- The Experience of Loss
- Adding to Grief
- The Emotional Rollercoaster
- Feelings of Guilt
The grief that families feel when a loved one sustains a brain injury can be profound and long-lasting.
Each person deals with grief in their own way; it can be a very personal and complicated journey, especially when the loved one is still physically present but psychologically absent.
There can be differences in the type of grief families feel and this is often related to the severity of injury incurred by their loved one. Even a ‘mild’ traumatic brain injury can cause feelings of loss and confusion. Parents share their children’s’ dreams as well as holding them for themselves and spouses do the same.
For families of the severely injured, there can be an intense sense of missing their loved one, of missing their love, support and contributions to enjoyment and life.
While there are no defined pathways for dealing with the ambiguous loss you feel, knowing that you are not alone, that there are others going through similar experiences and that many more professionals who specialise in caring for people living with brain injury now have a better awareness of how families are affected can all help people feel less isolated in their grief.
The experience of loss
Empathy for a loved one who is hurt can leave you feeling bereft and in many cases can initially leave people without hope and having no idea what to expect or having any understanding about what is now expected of them.
Although the experience is technically an ambiguous loss because there is no finality, the type of grief people struggle with after uncontrollable, and often traumatic external change can be overwhelming.
How do you begin to understand what it means to mourn the loss of someone who is alive? Many parents, for example, declare that they would willingly give up their own life that their child could have theirs back.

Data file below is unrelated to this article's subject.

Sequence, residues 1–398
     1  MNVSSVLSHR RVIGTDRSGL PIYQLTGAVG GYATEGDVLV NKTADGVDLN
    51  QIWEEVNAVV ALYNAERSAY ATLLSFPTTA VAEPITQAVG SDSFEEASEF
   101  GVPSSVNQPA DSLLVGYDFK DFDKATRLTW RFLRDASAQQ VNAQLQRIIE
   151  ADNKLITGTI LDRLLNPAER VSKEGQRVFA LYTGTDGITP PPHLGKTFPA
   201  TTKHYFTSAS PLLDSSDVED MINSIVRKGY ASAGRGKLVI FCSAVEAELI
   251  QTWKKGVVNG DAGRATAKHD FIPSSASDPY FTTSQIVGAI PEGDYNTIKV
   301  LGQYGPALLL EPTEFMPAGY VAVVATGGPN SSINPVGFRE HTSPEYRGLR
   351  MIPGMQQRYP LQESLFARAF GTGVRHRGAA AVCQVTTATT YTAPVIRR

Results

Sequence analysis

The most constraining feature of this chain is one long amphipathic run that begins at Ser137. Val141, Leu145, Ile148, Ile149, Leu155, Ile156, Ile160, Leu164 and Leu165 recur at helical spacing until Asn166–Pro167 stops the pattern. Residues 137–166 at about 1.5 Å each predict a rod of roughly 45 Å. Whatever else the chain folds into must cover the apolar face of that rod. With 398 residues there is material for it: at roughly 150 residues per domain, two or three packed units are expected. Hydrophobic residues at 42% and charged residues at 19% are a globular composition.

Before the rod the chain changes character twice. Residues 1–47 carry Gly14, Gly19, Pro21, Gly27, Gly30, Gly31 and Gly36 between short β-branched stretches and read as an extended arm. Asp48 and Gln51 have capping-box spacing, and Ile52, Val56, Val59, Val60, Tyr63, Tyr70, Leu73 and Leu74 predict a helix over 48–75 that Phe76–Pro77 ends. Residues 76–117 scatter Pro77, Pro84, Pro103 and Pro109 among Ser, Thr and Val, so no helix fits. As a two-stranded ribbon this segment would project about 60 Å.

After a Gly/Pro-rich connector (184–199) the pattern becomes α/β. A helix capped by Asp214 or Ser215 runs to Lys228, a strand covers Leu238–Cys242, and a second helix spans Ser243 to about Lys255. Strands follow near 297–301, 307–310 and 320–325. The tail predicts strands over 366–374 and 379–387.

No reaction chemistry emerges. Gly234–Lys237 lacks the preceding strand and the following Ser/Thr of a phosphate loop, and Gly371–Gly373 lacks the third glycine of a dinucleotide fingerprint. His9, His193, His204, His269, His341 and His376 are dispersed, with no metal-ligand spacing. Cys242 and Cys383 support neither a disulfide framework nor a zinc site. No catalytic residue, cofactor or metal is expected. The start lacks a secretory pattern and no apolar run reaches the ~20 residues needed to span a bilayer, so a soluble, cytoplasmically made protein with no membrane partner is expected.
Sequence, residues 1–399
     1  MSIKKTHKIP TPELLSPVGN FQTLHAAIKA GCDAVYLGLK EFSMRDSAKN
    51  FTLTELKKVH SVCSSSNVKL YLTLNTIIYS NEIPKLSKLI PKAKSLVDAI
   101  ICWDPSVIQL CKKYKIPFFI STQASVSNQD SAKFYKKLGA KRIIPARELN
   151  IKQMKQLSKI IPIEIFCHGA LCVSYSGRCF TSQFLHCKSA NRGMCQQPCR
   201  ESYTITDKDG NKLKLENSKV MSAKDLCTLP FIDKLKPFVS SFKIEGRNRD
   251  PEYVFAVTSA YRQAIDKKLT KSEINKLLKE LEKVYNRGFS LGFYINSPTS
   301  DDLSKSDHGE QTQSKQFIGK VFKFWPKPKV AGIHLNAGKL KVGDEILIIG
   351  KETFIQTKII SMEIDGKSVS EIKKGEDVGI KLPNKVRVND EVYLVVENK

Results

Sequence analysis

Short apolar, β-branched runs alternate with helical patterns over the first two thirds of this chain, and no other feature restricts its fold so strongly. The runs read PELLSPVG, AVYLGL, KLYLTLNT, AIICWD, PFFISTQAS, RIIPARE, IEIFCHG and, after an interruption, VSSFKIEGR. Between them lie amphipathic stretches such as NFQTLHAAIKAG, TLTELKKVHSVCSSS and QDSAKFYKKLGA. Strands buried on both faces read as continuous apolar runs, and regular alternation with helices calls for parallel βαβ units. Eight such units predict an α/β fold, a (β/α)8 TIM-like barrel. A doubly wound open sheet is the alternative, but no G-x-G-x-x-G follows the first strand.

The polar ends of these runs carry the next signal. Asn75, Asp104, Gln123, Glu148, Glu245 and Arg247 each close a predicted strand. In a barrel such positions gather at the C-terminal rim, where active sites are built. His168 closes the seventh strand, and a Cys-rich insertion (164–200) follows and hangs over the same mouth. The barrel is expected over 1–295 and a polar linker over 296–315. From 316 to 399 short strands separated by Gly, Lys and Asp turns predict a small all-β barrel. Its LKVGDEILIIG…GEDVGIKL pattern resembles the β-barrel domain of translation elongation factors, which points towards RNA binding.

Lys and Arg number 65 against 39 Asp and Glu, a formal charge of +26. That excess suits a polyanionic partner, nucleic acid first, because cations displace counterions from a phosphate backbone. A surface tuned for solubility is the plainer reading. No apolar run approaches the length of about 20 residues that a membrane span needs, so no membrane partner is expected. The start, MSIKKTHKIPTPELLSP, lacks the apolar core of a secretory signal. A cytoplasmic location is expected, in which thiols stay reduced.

Hearts and dreams are broken as families struggle to gain insight into what has changed. The complexities are overwhelming in and of themselves and leave people feeling numb, deprived and with a million questions that there are seemingly no answers to no matter where or how hard they look.
Adding to grief
Without experience, families don’t know what to think or where to start and turn to doctors and specialists for information and advice. This advice does tend to be focused on the patient or loved one and is, therefore often lacking in the kind of inclusion that people need.
It can be very challenging for neurological specialists to give a prognosis because every single brain injury is unique. Very often, it will take time before a thorough assessment can be made, and even then, this will not always predict the outcome.
This lack of information can be perceived as standing in the way of holding meaningful hope and however true it is that each person will journey their own path following a brain injury this doesn’t make it any easier for families to understand.
Going home to a child or any other family members and telling them that no one knows what will happen can be tough to do, to manage and to accept. These struggles all add to the sense of helplessness and grief that people feel.
Without support and inclusion, without any understanding of their needs, families can feel isolated, abandoned and over time, can feel forgotten.
The emotional rollercoaster
How people react will be entirely personal. Some people are overcome with worry, and others realise there are practical issues that need to be dealt with either urgently or along the way. Everyone reacts in an individual way often depending on their relationship with the injured person, their personality type and how practical they are. In many ways, the family experience is similar to how every brain injury and the person directly affected are unique.